Text: Miss Ellen Tree made, this evening, her first appearance in America, at the Park Theatre, in the character of Rosalind in “As You Like It,” and Pauline in a sort of melodrama called “The Ransom.” Her Rosalind was a most fascinating performance, full of grace and refinement and the part well adapted to her style of acting. The play, admirable as it is, and abounding in Shakespeare’s finest passages and most touching sentiments, is usually tiresome in the performance, and can be best appreciated in the closet; but on this occasion sweet Rosalind was so ably supported by all the other characters that it went off delightfully. The charming debutante was well received by a prodigiously crowded house, and was saluted by cheers and waving of hats and handkerchiefs. I was struck again, as in London, by the great resemblance of Ellen Tree to my daughter Mary. Her profile is much like hers, and her smile so like that it almost overpowered my feelings; they are both pretty well off for nose, neither being of the kind called “snub” by any means; “quite to the contrary, I assure you,” as Temple Bowdoin says; but Mary’s eyes are finer and more expressive than Miss Tree’s. Fanny Kemble was right in this matter.

Comments: Philip Hone (1780-1851) was an American businessman and diarist, who was Mayor of New York 1825-1826. He saw Shakespeare‘s As You Like It at the Park Theatre, New York, 9 December 1836. The British actress Ellen Tree (1805-1880) was known professionally as Mrs Charles Kean after her marriage in 1842.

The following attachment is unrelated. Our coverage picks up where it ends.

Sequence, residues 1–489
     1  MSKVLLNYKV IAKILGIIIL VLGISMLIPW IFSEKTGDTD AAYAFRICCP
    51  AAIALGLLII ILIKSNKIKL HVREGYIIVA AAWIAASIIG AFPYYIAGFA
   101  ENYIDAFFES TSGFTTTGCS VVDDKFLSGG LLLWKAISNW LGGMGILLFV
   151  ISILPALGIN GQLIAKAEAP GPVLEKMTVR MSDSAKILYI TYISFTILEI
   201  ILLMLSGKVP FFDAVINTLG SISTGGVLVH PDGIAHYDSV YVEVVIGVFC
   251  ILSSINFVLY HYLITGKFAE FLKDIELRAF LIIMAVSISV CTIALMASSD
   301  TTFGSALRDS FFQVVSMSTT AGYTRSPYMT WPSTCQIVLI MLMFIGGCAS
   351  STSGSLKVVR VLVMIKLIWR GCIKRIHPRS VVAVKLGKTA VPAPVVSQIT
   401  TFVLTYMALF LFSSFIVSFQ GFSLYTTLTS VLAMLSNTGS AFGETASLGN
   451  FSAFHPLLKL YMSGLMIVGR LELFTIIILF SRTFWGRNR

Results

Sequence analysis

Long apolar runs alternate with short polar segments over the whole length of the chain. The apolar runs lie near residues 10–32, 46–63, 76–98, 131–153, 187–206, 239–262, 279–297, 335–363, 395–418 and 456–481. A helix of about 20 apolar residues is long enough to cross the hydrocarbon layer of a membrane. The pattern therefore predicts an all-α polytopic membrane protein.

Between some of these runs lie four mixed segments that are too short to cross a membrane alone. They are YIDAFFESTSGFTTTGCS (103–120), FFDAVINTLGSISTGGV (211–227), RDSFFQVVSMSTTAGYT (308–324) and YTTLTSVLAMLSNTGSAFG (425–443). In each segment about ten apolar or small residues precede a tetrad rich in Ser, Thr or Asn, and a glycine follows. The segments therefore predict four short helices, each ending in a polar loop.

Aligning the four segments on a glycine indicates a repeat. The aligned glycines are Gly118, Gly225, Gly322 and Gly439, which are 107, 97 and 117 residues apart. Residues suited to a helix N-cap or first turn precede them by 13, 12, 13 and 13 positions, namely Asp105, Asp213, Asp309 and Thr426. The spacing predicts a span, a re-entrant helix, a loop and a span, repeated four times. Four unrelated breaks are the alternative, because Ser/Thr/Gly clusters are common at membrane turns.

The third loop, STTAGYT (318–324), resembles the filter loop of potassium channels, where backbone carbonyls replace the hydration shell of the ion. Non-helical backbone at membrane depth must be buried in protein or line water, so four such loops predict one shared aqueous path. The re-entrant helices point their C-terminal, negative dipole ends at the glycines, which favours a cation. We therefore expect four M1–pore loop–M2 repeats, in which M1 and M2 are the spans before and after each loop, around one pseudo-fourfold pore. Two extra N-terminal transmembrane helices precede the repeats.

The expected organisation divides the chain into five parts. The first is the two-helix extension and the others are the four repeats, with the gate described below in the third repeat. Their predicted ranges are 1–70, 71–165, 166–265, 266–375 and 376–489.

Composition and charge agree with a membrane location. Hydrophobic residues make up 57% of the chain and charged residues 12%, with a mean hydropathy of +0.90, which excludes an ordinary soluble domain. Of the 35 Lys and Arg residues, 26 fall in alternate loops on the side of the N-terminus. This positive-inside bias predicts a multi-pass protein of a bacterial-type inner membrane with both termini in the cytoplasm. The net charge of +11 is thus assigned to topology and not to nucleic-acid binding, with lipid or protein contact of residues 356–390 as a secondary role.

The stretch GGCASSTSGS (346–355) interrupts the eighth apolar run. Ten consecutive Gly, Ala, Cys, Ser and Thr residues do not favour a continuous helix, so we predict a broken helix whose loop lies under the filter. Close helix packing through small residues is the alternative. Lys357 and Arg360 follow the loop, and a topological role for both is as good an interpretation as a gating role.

Links: Copy at Hathi Trust

The Diary of Philip Hone

Source: Bayard Tuckerman (ed.), The Diary of Philip Hone, 1828-1851 (New York, Dodd, Mead, 1889), vol. 1, p. 62

Production: William Shakespeare, Hamlet, Park Theatre, New York, 17 September 1832

Text: Monday, Sept. 17. — Charles Kemble made his first appearance this evening at the Park Theatre, in the character of Hamlet, to a great house. He was well received, and listened to with great attention. There were not many ladies in the house, but the audience appeared to be critical and discriminating. It was precisely such acting as my recollection of Kemble and my opinion of his powers had led me to expect. The part was deeply studied and well understood; his reading is critically correct, his elocution distinct, and his manner dignified; but he is too formal, even for Hamlet. His pauses are too long and too frequent, so much so as to make the representation fatiguing; and for myself, I confess that, although my judgment is perfectly satisfied, his Hamlet falls far short of the power to interest me and give me pleasure of Kean’s or even Wallack’s, and he labours, moreover, under one great disadvantage, of which he has, unfortunately, no chance of amendment, — he is too old by thirty years for this part, and the expression of his face will do better for Lord Townly, Sir Edward Mortimer, King John, and other such parts. He is, on the whole, a fine actor, a good study for the younger men, and his visit to this country ought to improve the American stage. Fanny Kemble is to appear to-morrow evening in “Fazio.”

Comments: Philip Hone (1780-1851) was an American businessman and diarist, who was Mayor of New York 1825-1826. He saw Hamlet at the Park Theatre, New York, 17 September 1832. The British actor Charles Kemble visited America in 1832 and 1834, accompanied by his actress daughter Fanny Kemble.

Links: Copy at Hathi Trust